Codes and Statutes.The first collection of the laws of the Territory of Kansas was that adopted by the first legislative assembly in 1855, and usually designated and known as the "Bogus Statutes." At the time of the adoption of these laws, what was known as the pro-slavery party had entire control of the legislature. The free-state party having a majority in the legislative assembly in 1859, a board of commissioners, consisting of William McKay of Wyandotte, F. S. Lowman of Lawrence, and James McCahon of Leavenworth was elected by the legislature, "to propose an entire code of laws, upon all subjects of general legislation pertaining to the interests of the Territory of Kansas, to be submitted from time to time to the legislative assembly, for their action upon the same." These commissioners fulfilled the duties of their appointment at the same session, and upon the adoption of the laws reported by them the laws of 1855 were repealed.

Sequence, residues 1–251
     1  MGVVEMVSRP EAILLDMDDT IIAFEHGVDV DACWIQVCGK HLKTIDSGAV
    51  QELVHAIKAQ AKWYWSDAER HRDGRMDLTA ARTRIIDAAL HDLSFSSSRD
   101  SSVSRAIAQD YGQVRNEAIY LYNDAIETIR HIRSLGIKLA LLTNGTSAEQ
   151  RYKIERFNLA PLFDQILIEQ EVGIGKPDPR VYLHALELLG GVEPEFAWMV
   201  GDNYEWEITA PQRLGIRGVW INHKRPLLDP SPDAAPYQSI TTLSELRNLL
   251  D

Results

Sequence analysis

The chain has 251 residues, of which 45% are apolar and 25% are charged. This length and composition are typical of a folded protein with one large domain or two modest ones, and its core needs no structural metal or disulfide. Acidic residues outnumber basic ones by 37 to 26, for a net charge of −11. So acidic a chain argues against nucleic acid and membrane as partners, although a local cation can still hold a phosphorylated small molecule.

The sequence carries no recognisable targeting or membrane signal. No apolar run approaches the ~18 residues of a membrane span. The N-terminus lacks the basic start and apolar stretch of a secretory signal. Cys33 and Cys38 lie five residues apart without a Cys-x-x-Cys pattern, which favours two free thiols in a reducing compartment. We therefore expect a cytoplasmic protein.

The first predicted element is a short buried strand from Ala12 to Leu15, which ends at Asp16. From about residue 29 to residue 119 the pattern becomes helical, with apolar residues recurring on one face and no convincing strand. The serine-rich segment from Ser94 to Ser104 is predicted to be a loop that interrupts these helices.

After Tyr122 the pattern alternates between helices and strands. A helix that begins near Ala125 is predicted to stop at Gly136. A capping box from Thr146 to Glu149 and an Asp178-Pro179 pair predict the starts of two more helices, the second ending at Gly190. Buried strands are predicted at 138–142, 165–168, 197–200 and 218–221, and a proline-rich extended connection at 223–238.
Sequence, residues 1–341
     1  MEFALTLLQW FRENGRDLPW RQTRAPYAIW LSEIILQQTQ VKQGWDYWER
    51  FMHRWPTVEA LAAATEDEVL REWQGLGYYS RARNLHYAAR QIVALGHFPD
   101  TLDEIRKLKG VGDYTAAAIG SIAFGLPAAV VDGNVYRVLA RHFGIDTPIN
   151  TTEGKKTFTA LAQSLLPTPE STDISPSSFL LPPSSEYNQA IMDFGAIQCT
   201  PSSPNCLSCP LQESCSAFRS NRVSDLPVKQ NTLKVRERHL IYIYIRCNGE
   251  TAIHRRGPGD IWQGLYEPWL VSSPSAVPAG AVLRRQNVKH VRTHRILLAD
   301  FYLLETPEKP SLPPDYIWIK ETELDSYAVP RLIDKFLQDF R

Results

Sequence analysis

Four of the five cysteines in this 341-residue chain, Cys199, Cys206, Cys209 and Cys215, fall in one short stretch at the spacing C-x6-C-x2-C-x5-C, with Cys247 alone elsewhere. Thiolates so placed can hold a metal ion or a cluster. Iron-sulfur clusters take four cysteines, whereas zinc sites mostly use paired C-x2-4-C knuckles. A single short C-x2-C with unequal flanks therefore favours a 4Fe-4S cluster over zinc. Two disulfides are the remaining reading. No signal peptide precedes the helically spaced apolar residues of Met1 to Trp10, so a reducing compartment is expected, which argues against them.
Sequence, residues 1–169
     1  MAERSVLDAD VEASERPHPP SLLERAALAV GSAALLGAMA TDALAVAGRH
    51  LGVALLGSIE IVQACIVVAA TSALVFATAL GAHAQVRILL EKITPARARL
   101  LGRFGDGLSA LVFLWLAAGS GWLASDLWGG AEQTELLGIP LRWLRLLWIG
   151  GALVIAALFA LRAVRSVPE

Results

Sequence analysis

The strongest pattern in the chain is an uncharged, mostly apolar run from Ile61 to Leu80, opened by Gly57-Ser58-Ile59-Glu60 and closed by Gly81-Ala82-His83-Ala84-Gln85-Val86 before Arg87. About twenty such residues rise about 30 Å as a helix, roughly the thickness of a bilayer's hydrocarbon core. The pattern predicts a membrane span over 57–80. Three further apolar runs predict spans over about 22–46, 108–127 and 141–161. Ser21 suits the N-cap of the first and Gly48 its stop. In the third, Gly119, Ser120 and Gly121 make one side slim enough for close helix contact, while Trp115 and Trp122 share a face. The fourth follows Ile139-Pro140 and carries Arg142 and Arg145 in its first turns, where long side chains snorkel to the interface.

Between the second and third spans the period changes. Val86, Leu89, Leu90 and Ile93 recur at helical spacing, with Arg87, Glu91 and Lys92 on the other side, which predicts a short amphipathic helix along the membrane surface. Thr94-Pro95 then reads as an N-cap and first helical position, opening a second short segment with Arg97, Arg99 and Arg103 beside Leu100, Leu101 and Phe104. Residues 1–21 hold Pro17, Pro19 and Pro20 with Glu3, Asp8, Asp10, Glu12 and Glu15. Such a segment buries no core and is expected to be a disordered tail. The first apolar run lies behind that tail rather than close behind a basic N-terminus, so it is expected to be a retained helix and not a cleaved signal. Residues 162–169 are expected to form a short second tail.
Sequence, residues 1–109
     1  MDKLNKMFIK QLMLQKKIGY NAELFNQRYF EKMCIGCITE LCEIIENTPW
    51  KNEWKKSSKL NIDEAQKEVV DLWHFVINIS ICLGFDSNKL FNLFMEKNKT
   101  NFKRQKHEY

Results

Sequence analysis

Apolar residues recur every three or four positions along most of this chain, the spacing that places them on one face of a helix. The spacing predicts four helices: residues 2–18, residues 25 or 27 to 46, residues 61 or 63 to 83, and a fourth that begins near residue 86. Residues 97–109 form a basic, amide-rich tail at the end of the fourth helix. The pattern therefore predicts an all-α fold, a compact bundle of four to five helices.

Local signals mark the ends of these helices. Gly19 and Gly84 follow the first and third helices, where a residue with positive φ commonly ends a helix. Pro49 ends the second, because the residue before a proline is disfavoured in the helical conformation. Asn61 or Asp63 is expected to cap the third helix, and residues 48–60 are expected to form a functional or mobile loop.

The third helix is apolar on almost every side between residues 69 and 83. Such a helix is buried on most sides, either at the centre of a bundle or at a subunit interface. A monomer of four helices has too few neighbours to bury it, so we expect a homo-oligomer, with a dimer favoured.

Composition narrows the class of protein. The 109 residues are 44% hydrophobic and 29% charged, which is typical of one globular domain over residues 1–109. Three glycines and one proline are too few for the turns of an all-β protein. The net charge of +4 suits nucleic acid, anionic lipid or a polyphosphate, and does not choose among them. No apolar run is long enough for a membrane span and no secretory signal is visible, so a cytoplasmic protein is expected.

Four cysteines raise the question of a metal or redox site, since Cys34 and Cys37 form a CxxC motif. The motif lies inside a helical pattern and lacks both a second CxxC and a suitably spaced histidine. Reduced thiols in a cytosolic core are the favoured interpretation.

The general laws adopted at this session, with some few exceptions, remained in force until at the regular session of the state legislature in 1862, when the laws then in force were compiled by a joint committee of the two houses and subsequently published in a volume which is known as the "Compiled Laws of 1862." At the session of 1867 an act was passed authorizing and requiring the governor to appoint three commissioners, "to revise and codify the civil and criminal codes of procedure, and all laws of a general nature, of this state," and requiring the commissioners so appointed to report at the next session of the legislature. In pursuance of this act, the governor appointed John M. Price of Atchison, Samuel A. Riggs of Lawrence (both then members of the senate), and James McCahon of Leavenworth as such commissioners, who immediately entered upon the performance of their duties, and at the regular session of 1868 made a printed report to the legislature of the result of their labors. This report was considered at the same session and adopted with but few changes or alterations. The school law, as reported, was entirely omitted, and the laws in force relating to common schools were required to be compiled as a part of the General Statutes. Among the laws enacted was one declaring what should constitute the General Statutes of the state, and providing for their publication in a volume to be entitled the "General Statutes of Kansas," under the superintendence of the commissioners and the secretary of state.